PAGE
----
Person of Interest has a hard edge but a heart of mush. Recently it has shown people going round in bomb vests, one of which went off; people shot in the forehead, a lorry smashing into a car which rolled in front of it, and a man beaten up in the exercise yard of Riker’s Island. Yet the heart of it is the friendship of two men who sort others’ lives out for them. Stories are wrapped up in the TV hour.
My spoilers are a year behind the US air-dates. There is some attempt to create threat continuing through the episodes: Agent Donnelly of the FBI was going to find the heroes, but died and his colleagues couldn’t be bothered to continue. Really. So threat appears- the Russian Gangs are invincible- then vanishes, with a few fist fights or a shooting.
Even more reassuring is Castle: one of the assistant policemen has referred to the male and female leads as “Mommy and Daddy”. Mummy and Daddy sort things out before bed. The supposedly hard bad-guys crumble before them, and are sent down.
Meanwhile Southland, which has just finished in the UK, had its lead shot three times in the chest.
Luther, with Idris Elba back in London, had a serial killer who drained his victims of blood which he used to write words on the walls of their houses. That was the point where I stopped finding these plots horrible, and started laughing- Ooh, that’s imaginative, what will they do next? Why on Earth would he do that?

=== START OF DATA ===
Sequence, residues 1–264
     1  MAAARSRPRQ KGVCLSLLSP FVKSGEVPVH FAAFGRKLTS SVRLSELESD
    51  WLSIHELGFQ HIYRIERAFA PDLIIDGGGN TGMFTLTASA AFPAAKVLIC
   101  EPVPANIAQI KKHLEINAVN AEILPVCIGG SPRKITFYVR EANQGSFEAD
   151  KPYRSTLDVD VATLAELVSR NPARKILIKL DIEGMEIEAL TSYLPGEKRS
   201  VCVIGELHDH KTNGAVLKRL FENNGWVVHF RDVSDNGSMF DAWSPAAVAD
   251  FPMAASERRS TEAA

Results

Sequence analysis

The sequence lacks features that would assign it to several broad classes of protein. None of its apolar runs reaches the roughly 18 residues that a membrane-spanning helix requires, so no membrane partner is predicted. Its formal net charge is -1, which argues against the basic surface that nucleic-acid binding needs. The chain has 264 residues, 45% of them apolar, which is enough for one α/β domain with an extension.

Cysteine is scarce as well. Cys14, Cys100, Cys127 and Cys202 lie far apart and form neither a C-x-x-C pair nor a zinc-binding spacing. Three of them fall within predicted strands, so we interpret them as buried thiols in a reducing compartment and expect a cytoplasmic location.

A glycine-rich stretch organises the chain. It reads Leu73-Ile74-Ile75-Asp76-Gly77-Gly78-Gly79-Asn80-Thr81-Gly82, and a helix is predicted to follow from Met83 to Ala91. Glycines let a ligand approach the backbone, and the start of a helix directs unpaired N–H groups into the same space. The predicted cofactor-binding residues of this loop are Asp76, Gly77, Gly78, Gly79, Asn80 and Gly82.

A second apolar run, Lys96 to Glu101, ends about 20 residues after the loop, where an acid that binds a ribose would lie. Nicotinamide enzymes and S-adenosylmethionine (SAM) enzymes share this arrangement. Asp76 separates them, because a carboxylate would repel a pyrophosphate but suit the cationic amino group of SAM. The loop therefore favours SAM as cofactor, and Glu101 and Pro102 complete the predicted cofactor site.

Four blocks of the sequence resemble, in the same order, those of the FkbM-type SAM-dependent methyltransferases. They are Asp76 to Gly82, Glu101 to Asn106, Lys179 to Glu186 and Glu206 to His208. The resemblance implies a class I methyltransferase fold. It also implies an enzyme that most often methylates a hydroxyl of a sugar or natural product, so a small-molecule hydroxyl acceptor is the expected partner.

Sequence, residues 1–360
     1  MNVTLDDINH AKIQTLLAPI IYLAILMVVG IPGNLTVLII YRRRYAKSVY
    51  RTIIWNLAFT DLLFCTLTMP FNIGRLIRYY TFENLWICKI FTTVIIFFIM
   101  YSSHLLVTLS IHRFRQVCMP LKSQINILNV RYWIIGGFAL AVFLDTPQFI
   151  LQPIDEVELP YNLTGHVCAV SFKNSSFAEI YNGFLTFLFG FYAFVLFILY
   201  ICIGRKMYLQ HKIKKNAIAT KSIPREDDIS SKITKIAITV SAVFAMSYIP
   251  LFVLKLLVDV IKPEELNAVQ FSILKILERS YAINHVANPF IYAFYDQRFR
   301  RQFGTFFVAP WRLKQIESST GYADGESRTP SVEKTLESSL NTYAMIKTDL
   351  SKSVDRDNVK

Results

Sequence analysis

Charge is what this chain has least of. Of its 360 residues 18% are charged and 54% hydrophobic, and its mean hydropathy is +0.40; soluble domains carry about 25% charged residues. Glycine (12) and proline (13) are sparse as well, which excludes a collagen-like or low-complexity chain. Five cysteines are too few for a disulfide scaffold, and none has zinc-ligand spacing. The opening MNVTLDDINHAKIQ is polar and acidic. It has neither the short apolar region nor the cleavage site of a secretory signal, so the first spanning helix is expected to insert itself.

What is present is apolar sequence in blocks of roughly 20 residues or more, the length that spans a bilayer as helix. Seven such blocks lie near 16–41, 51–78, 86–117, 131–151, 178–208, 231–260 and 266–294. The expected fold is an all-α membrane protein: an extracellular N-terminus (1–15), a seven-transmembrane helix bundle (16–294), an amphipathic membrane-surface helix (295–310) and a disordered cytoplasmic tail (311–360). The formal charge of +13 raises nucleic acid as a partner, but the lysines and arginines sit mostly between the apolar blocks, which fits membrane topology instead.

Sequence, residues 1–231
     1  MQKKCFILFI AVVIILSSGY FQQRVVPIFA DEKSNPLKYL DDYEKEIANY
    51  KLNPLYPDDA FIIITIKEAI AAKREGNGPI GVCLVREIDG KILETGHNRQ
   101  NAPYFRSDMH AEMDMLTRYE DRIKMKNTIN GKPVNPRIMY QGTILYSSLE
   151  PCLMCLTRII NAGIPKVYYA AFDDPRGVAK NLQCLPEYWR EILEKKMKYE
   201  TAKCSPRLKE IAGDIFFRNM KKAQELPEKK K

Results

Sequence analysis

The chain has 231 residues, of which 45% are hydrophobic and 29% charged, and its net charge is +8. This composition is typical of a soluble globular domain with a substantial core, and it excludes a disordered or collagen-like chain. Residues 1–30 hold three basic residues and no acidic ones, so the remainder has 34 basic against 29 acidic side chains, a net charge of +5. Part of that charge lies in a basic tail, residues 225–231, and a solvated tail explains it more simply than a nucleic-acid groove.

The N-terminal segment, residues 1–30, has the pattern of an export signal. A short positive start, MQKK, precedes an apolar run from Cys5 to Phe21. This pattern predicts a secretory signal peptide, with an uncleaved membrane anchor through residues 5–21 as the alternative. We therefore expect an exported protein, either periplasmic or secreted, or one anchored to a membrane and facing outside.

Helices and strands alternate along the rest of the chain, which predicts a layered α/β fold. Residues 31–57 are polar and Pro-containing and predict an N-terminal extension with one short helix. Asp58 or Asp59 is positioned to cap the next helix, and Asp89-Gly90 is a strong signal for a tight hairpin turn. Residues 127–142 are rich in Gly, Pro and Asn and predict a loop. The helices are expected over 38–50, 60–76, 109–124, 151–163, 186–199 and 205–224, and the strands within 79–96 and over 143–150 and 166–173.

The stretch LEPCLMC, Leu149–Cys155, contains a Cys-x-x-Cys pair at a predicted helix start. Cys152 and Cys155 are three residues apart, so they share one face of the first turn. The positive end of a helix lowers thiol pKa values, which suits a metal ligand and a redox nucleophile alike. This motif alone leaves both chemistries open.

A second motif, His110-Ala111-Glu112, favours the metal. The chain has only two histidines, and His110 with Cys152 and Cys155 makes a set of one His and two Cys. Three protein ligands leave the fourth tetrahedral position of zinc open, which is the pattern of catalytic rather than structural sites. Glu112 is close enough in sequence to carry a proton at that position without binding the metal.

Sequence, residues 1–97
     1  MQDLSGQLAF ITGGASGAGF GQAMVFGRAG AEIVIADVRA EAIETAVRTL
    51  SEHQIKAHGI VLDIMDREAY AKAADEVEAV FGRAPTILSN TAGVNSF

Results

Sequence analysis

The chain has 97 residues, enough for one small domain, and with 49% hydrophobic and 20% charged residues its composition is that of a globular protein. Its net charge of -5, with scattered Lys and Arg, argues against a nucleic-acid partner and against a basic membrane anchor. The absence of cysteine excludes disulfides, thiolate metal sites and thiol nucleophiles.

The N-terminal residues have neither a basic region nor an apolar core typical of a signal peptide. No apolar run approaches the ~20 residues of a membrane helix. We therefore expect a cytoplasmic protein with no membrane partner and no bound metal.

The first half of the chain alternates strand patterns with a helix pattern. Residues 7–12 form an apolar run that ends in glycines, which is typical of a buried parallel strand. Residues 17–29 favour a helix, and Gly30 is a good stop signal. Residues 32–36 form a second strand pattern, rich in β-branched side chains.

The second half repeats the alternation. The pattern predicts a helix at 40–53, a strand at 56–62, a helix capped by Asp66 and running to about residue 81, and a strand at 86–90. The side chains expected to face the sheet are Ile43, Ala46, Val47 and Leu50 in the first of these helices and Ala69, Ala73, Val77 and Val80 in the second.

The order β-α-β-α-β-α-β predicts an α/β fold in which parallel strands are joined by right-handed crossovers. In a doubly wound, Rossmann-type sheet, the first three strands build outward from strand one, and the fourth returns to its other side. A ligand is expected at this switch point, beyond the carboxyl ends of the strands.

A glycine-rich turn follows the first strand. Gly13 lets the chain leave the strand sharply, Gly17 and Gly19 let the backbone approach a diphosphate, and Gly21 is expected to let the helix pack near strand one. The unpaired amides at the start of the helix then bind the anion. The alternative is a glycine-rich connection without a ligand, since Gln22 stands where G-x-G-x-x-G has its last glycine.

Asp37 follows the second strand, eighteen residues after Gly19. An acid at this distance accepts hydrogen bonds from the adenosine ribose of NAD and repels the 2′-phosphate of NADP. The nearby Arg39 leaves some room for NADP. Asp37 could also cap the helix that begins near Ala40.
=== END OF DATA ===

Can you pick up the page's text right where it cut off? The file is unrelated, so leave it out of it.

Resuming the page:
I am desensitised to these things on TV, but would not be so desensitised in real life, even only on the news. Is that the point? Or are these dramas something like Special Agent Oso, who faced challenges his audience might face, and found ways to overcome them, educating that audience. After the task of the day, Oso returns to his secret base, where he is taught new skills, a safe haven where everyone knows their place. Rather like Castle’s apartment, or Finch’s library.
I much prefer the drama which invites me to empathise with the characters rather than that which has me observing them like creatures which swarm and multiply in a drop of water. Castle and The Mentalist show the murderers as monsters, rather than ordinary people pushed too far. They are safely outside Our Group, safely Other.